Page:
America elected a black president, but black animosity towards whites has increased significantly since the election. It’s not enough to achieve equality; blacks feel they must dominate the relationship to make up for historical abuses the present generation never experienced and care little about except as a means to obtain financial and social redress. Mistakes were made, but there comes a time when past grievances must be set aside and a new future forged in the interest of further developing the relationship. We all live in the same country and must find a way to live together.

It is incumbent upon the black community to come to the realization that their present status is the direct result of their association with the Democrat Party which has worked tirelessly to extend their control over the black community to secure their votes. Democrats fought to shut blacks out of society and politics with Jim Crow laws in the South in an attempt to preserve that which the Civil War had undone. Southern Democrats became the Dixiecrats to fight against Civil Rights which were finally passed with Republican support. Realizing their control of blacks was slipping away, Democrats then managed to convince the black community that they were the champions of blacks and the Republicans were working to keep blacks under control. Prominent blacks who have studied history have discovered these truths and become Republicans to the consternation of the black leaders anointed by the Democrats to speak for the black community and perpetuate their status as victims.

As is often the case, Barack Obama made a bad situation worse by magnifying the perceived grievances of the black community behind a slicker façade then those animated by other black leaders who are nothing more than poverty pimps and grievance agitators. Much hope was poured into Obama to heal this divide only to be dashed against the rocks of reality when it turned out that he was really the biggest poverty pimp of all. The black community may not know or even suspect the fact that white America will not take another chance on a black president for a long time due to being burned so badly by Barack Obama and his empty rhetoric about bridging the racial divide that turned out to be so much hot air and disappointed so many. Without white America, there is no chance that a black will be elected president as blacks comprise a minority in America. Obama’s presidency will likely turn out to be the high water mark of black political achievement in America that failed to be sustainable due to its pettiness and mean spiritedness.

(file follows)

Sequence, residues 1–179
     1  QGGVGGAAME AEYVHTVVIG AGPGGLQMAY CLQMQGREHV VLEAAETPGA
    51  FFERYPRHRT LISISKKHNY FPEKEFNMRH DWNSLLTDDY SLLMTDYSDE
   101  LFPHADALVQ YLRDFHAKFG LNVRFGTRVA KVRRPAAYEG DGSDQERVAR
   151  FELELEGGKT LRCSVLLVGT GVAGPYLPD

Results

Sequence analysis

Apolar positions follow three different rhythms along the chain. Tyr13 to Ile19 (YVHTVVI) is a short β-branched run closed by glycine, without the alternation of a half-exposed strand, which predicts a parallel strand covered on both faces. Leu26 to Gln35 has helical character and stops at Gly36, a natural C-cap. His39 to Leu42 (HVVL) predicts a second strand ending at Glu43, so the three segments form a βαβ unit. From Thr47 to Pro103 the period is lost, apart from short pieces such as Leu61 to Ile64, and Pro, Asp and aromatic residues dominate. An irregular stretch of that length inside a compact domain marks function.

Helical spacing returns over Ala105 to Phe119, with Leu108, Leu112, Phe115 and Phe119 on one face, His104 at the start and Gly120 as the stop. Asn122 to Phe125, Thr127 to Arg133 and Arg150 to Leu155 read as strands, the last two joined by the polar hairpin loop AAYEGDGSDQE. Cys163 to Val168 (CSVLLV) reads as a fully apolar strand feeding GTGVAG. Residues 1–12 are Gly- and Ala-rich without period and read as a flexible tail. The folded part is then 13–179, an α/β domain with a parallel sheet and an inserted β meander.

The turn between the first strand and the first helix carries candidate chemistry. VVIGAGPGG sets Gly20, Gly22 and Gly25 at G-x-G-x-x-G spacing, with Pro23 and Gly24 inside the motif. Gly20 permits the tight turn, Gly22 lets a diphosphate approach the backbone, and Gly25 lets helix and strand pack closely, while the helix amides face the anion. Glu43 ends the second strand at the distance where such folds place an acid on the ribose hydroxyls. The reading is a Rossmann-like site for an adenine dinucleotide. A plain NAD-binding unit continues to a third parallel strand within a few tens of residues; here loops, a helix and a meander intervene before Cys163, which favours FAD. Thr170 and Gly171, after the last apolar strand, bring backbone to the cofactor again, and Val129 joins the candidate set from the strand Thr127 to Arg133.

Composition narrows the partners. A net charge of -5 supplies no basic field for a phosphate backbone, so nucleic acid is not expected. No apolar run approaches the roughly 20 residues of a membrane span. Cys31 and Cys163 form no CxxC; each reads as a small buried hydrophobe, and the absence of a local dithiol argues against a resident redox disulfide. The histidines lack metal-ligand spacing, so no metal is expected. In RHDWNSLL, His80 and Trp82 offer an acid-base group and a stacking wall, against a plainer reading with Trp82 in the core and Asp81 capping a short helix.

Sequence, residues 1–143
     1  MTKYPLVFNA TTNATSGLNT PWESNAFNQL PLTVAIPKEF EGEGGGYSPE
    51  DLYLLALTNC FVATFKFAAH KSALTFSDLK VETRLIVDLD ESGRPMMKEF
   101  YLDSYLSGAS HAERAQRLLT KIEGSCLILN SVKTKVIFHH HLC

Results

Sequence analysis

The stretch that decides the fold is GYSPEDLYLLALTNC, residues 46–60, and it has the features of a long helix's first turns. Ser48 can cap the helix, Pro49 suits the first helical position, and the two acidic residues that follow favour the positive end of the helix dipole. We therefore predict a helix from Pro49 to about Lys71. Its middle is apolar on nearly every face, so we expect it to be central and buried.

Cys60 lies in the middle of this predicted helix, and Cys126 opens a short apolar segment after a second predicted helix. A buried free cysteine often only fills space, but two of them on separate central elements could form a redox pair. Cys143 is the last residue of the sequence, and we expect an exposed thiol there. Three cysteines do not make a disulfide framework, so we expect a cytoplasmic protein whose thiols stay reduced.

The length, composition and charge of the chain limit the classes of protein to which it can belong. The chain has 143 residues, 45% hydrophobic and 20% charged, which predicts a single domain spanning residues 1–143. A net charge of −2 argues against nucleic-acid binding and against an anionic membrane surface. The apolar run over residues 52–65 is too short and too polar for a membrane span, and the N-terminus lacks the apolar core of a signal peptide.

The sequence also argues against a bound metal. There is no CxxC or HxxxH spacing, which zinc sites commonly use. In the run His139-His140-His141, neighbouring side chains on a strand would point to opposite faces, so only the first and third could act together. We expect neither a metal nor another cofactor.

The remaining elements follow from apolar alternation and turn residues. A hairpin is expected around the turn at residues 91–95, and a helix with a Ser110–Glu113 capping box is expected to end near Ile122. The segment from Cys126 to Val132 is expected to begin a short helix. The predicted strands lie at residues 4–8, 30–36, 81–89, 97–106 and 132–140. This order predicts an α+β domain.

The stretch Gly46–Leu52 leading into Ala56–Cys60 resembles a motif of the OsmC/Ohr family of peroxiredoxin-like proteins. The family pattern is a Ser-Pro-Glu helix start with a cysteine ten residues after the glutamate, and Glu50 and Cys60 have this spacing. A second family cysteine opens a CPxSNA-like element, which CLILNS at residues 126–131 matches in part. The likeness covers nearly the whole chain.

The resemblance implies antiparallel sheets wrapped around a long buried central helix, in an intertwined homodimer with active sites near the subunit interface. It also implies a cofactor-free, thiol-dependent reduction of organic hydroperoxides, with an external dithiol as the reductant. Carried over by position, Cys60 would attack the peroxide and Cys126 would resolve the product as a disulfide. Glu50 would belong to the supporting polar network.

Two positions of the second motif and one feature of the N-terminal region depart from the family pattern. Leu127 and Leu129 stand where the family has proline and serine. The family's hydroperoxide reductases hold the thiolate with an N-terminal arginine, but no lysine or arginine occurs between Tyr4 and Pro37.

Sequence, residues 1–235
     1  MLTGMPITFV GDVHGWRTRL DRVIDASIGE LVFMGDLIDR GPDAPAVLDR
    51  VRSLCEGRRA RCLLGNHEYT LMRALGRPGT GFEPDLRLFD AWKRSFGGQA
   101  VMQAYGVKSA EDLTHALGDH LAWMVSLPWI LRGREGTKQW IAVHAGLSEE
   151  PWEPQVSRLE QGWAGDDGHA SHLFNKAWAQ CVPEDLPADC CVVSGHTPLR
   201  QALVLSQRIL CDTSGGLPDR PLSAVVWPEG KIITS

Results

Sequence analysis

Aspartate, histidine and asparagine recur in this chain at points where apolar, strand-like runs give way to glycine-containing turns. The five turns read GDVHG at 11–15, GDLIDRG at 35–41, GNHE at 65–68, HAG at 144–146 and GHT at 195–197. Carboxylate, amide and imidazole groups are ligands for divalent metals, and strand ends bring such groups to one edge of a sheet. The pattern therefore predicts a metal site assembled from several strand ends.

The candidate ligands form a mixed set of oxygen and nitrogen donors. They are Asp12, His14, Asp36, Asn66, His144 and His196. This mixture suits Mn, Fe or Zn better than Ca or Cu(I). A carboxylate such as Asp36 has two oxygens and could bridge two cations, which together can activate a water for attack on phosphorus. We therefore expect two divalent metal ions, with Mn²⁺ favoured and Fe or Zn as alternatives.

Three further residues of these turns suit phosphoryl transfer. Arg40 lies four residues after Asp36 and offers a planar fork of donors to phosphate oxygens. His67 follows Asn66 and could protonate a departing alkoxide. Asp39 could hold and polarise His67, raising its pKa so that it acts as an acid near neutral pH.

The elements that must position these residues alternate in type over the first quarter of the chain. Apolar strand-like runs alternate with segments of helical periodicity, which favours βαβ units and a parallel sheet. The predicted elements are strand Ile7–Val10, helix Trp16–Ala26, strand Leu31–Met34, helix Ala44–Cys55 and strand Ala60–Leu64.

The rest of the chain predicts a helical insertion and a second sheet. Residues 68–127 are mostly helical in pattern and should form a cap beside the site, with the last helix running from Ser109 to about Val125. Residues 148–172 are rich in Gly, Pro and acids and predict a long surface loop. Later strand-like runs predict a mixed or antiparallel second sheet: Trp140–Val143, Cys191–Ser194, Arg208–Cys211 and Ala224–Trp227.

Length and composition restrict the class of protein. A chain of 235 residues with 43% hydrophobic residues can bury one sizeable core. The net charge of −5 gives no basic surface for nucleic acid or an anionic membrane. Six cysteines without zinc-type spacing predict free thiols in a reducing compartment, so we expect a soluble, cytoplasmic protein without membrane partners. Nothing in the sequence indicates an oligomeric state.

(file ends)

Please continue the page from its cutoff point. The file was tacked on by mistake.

There are no shortcuts to building relationships. They require patience, time, and steady maintenance. Electing a black president was never going to be a shortcut to healing race relations in America. Electing Barack Obama as president made this even worse due to his narcissistic prickliness and proclivity to retreat to the standard black grievances so ingrained into his personality. He was electable, but he made a mess upon taking office due to his inability to govern. Blacks would have been much better served by waiting for someone truly committed to healing America’s racial divide and insisting upon properly vetting such a candidate beforehand. The media has done the black community a great disservice by abdicating its role in properly vetting Obama to expose his now obvious weaknesses as a candidate and sparing them the humiliation of having to defend such a poor candidate. Future black presidential candidates will be compared to Barack Obama just as Democrats are compared to Jimmy Carter.